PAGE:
“Canada is going to need to double the amount of electricity we generate by 2050,” she told the GVBOT audience. “That is a lot of building. I'm counting on you to do it.”
But, she added, Ottawa needs to be there financially to support the building.
During an unrelated event in Vancouver the next day, Research Money asked Freeland what gives her certainty that her envisioned economic growth and private investments will occur. Freeland stopped short of saying that she was certain they will happen, but expressed her optimism about Canada’s future.
“I'm optimistic because, one, we have the people,” she said. “Canadians are the best educated in the OECD. And, we are a country that welcomes immigrants, and that is good at it. So that's one of our strengths. Second strength: Our natural resources.
“And right now, with the clean-economy transition, and with the decision the world's greatest democracies have made, that they don't want to rely on dictatorships for their supply chains anymore, that puts made-in-Canada products at a premium — and that is a huge opportunity for us,” she said.
The latter comment was a reference to Russia’s president Vladimir Putin, his country’s invasion of Ukraine and other countries’ desire to wean themselves off Russian oil and gas.
“And then the third thing that gives me real confidence in Canada is, we have a tremendously strong manufacturing and resource base right now,” said Freeland.
Patricia Mohr, a reknown economist and commodity market specialist who attended the Freeland's GVBOT session, called the $80-billion investment "positive." She said private companies and public utilities are likely to take advantage of a 15-percent tax credit for electricity projects.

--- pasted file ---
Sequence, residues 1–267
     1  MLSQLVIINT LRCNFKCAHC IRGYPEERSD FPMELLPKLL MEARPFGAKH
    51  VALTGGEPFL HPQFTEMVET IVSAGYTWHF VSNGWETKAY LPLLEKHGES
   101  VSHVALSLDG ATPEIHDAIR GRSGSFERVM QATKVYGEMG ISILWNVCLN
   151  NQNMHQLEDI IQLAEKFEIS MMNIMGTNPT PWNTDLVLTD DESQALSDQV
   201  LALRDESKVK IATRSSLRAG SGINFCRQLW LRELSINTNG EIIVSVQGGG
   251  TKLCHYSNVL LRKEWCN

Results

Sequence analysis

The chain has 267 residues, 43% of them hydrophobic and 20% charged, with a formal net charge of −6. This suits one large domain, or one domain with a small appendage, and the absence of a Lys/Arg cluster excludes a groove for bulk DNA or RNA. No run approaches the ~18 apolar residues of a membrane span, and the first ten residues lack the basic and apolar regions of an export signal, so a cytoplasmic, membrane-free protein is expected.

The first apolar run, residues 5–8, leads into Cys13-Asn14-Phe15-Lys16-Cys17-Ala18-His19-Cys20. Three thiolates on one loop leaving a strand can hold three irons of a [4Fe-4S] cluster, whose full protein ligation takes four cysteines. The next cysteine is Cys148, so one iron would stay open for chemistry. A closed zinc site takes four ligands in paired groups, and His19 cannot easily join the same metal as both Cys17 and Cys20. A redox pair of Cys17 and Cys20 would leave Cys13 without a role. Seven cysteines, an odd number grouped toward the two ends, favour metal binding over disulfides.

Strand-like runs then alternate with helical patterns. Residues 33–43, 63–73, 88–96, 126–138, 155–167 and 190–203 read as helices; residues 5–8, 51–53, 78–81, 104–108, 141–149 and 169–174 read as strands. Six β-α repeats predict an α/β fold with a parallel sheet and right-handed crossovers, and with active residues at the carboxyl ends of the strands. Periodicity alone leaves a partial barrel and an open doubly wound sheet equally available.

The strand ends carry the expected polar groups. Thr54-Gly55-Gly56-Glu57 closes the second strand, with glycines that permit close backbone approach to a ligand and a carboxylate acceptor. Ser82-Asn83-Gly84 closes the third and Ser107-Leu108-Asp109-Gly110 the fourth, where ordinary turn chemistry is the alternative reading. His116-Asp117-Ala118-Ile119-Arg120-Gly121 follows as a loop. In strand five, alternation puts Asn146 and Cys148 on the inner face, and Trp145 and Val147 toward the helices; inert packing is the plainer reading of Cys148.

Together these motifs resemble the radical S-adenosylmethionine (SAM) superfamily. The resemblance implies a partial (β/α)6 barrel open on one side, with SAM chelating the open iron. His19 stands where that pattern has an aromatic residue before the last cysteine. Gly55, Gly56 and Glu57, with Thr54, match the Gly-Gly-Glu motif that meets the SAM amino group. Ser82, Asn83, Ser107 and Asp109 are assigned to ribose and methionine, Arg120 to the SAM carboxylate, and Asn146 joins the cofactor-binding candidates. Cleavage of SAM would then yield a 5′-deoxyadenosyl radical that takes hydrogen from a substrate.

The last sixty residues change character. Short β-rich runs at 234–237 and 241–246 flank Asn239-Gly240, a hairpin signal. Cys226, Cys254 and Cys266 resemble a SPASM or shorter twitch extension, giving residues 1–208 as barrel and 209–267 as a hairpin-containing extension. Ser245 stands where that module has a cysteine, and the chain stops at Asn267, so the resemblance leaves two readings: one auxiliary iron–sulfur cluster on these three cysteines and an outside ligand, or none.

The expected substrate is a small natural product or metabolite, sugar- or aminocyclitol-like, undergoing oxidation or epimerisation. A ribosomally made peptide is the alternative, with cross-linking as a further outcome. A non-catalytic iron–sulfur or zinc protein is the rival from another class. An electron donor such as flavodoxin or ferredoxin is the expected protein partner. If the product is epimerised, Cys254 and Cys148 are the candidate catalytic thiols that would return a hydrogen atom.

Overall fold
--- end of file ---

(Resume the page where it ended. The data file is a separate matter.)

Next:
"I think this comes in handy for people like BC Hydro, who probably want to expand the actual generation of electricity but also the transmission system, and we need to be able to expand transmission because some of the critical minerals that could be developed in the province need access to power," Mohr told Research Money in an interview.
Now based in Vancouver, Mohr is a former Toronto-based Scotiabank vice-president of economics and commodity market specialist. She now serves as editor of the newsletter "Critical Metals for a Sustainable World," sits on the boards of Vancouver-based junior mining company TECH-X and an Ontario forest products investment accelerator, and is active at the University of British Columbia, where she is listed as a member of Applied Science dean's advisory council.
She agreed with Freeland's assessment that Canada can build on its already large supply of green electricity, which is in the form of hydro, nuclear or renewable energy. (Mohr said green electricity accounts for 83 percent of Canadian supply, while Freeland said it was 85 percent.)
Mohr said Ottawa is trying to ensure that Canada has adequate supply to meet a big increase in demand over the next several decades. Ottawa is also "probably a little concerned" about power sector infrastructure incentives offered by competitors in the U.S., the Euro Zone and Japan.
The IRA, which is expected to provide $369 billion of incentives to invest in thing like green energy and the transition to electric vehicles and the hydrogen economy, could siphon off investments that would otherwise occur in Canada, Mohr added.
She agreed with Freeland's assessment that the $80-billion is proportionate to the size of the Canadian economy versus its U.S. counterpart.
"If you look at the size of the incentives, I would say that they are large enough in Canada to compete, though, obviously, the U.S. economy is really much larger," said Mohr.